Lawyers Battle Addiction And Depression, Too. Now They’re Starting To Talk About It

By Alex Harris
Miami Herald

WWR Article Summary (tl;dr) Attorney Brian Cuban, author of the book, “The Addicted Lawyer,’ shared his journey through addiction, depression, bulimia and, finally in 2007, recovery at a Cuban American Bar Association panel on mental illness in the legal community


It was 2006, and the Miami Heat was squaring off against the Dallas Mavericks in the NBA finals.

As the younger brother of the Mavericks’ owner Mark Cuban, Dallas-based lawyer Brian Cuban not only had great seats for himself but two extras to share with his friends. But he didn’t give them to his friends. He gave them to his drug dealer for $1,000 of cocaine.

“Selling them on eBay was disrespectful to my family, but trading them to my cocaine dealer was fine,” Cuban said to a roomful of Miami lawyers on Friday. “How the mind works on addiction.”

Cuban recounted this tale, and the night’s conclusion (he poured the coke out on his desk, “Scarface style”, before hiding it in fake electrical outlets he carved into every closet in his apartment, eventually flushing it all down the toilet) at a Cuban American Bar Association panel on mental illness in the legal community.

CABA president Javier Lopez invited Cuban, author of the book, “The Addicted Lawyer,” to share his journey through addiction, depression, bulimia and, finally in 2007, recovery.

“I wanted to do something different this year,” Lopez said. “This is an important issue we can’t ignore.”

Lawyers have the fourth-most suicides by profession, after dentists, pharmacists and doctors, according to the most-recent numbers by the Centers for Disease Control and Prevention. This summer, two prominent South Florida lawyers took their own lives.

Family and colleagues were stunned when newly hired Miami prosecutor Beranton J. Whisenant Jr., washed up on Hollywood Beach with a self-inflicted gunshot wound in May. He is remembered for his passion and dedication to public service.

Ervin Gonzalez, a Coral Gables-based civil trial lawyer who led some of Florida’s most- significant, class-action and personal-injury cases, struggled with depression for years before he was found dead in his home in June. In a statement, his firm remembered him as a “caring, warm, brilliant and masterful trial attorney.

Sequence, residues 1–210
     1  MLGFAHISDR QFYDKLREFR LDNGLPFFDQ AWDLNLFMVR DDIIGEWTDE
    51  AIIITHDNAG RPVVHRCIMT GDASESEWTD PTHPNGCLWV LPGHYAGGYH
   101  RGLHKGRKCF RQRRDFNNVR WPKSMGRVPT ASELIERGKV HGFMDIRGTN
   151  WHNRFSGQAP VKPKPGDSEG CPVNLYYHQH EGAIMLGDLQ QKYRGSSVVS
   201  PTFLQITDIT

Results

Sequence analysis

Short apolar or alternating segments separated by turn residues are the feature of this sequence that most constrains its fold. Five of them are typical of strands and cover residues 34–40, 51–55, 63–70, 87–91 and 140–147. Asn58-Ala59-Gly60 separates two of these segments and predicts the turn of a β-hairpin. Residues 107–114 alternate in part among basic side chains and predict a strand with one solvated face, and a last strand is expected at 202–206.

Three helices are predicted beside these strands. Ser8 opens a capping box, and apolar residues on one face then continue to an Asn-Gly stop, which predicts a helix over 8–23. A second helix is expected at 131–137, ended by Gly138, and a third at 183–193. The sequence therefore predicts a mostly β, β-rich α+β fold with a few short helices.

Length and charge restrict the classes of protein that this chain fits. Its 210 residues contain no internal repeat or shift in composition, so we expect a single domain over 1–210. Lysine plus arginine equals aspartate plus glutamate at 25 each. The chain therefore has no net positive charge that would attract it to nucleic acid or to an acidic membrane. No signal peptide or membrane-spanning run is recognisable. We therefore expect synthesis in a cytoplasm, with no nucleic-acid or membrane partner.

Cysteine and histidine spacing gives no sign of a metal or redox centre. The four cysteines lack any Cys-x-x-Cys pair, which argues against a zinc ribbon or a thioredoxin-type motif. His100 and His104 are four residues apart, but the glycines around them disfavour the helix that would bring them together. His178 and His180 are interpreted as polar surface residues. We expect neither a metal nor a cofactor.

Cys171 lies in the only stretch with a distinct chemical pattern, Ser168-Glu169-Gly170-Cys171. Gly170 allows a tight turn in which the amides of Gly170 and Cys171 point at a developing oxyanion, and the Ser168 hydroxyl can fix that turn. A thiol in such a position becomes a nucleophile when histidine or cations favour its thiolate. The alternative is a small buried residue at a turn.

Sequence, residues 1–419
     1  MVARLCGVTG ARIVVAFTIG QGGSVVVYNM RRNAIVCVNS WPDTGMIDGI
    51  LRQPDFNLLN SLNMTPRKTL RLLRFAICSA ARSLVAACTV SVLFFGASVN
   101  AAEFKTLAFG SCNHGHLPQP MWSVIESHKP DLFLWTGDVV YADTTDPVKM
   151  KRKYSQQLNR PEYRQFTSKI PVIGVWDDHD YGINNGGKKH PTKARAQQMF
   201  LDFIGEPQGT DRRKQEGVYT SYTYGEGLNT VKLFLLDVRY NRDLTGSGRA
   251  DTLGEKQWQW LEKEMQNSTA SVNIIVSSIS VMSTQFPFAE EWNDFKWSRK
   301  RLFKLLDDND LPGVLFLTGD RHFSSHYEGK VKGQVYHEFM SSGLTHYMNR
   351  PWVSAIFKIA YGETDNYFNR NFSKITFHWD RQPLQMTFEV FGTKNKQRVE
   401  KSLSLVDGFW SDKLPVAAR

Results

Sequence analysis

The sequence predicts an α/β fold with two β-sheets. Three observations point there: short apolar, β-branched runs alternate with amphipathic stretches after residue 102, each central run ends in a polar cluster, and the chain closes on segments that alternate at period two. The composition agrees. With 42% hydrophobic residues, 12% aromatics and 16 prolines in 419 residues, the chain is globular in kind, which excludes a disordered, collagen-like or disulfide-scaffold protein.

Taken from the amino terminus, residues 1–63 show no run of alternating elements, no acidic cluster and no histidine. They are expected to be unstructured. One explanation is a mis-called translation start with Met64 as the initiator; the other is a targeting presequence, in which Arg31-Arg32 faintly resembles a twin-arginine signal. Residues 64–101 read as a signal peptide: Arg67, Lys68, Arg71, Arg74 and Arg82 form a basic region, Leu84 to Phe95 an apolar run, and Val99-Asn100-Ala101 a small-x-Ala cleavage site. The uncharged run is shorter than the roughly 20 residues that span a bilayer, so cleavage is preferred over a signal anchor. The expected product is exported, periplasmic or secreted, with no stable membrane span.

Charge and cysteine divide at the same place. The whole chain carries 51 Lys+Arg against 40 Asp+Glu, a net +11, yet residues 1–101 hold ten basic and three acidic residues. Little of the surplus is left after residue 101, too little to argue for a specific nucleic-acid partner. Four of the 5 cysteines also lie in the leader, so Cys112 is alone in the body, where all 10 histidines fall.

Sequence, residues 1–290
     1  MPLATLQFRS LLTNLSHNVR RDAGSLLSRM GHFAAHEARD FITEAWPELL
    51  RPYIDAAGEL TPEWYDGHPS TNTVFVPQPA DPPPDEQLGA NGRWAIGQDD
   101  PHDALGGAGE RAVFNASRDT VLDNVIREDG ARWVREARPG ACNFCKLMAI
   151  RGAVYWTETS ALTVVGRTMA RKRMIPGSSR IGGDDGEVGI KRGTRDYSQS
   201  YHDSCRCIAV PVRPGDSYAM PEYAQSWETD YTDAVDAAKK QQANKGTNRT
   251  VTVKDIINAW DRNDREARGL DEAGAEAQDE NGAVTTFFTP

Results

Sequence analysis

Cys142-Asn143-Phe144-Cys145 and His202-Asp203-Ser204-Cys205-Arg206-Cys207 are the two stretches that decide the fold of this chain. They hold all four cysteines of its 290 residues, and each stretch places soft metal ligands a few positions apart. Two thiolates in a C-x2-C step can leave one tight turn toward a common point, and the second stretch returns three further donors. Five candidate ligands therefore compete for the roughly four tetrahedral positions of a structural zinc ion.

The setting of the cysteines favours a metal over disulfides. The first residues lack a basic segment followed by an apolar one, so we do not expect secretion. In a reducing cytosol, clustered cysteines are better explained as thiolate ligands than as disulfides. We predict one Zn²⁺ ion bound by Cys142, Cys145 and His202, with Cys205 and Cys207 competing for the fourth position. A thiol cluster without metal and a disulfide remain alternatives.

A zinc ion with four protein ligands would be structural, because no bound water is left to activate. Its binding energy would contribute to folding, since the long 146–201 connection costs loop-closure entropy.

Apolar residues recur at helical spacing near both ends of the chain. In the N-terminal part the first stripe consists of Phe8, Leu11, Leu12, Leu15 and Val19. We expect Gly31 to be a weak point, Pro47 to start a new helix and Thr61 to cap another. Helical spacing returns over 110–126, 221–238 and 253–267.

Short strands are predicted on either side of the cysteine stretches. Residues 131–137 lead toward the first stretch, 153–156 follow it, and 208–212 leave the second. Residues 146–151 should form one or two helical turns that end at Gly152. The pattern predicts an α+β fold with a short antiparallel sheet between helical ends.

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Before Cuban spoke, Lopez talked about a friend he lost to suicide last year, prominent Miami banker Raul Valdes-Fauli. He had lunch with Valdes-Fauli two weeks before his death, and Lopez said his friend seemed happy.

“I had no idea the hurricane that was going on in his head,” Lopez said.

Part of the solution is asking for help when you need it, said Dr. Ana Maria Ojeda, a clinical psychologist Lopez invited to the panel to give advice on recognizing mental illness, as well as recognizing when others are in need.

Changes in sleeping patterns, a lack of enjoyment for activities someone used to love, feelings of hopelessness or excessive anger can all point to depression or other mental illnesses.

“If you see any of these symptoms, do not be afraid to ask someone if they’re depressed,” said Ojeda, on the medical staff at Nicklaus Children’s Hospital. “Be direct.”

Cuban said he was 44 when he decided to kill himself with the .45 automatic he kept on his nightstand. Thankfully, he said, his brothers came and took him to the hospital before he could follow through. Although he wouldn’t commit to recovery and sobriety for several more years, Cuban said his suicidal thoughts were the culmination of years of destructive behavior.

“I’ve never been suspended or disbarred, but it wasn’t for lack of trying,” he said.

He talked about doing cocaine before trials, showing up to mediation so hung over he could barely speak, and drinking constantly. When he finally made it to the 12-step program, he wasn’t surprised to see that half the room was lawyers.

“As a profession, we have to deal with these problems where they are, but we also have to deal with how we got there,” Cuban said.

If you or someone you know is considering self-harm, the National Suicide Prevention Lifeline is available 24/7 at 800-273-8255
-Feelings of sadness, tearfulness, emptiness or hopelessness
-Angry outbursts, irritability or frustration, even over small matters
-Loss of interest or pleasure in most or all normal activities, such as sex, hobbies or sports
-Sleep disturbances, including insomnia or sleeping too much
-Tiredness and lack of energy, so even small tasks take extra effort
-Reduced appetite and weight loss, or increased cravings for food and weight gain
-Anxiety, agitation or restlessness
-Slowed thinking, speaking or body movements
-Feelings of worthlessness or guilt, fixating on past failures or self-blame
-Trouble thinking, concentrating, making decisions and remembering things
-Frequent or recurrent thoughts of death, suicidal thoughts, suicide attempts or suicide
-Unexplained physical problems, such as back pain or headaches

Source: The Mayo Clinic

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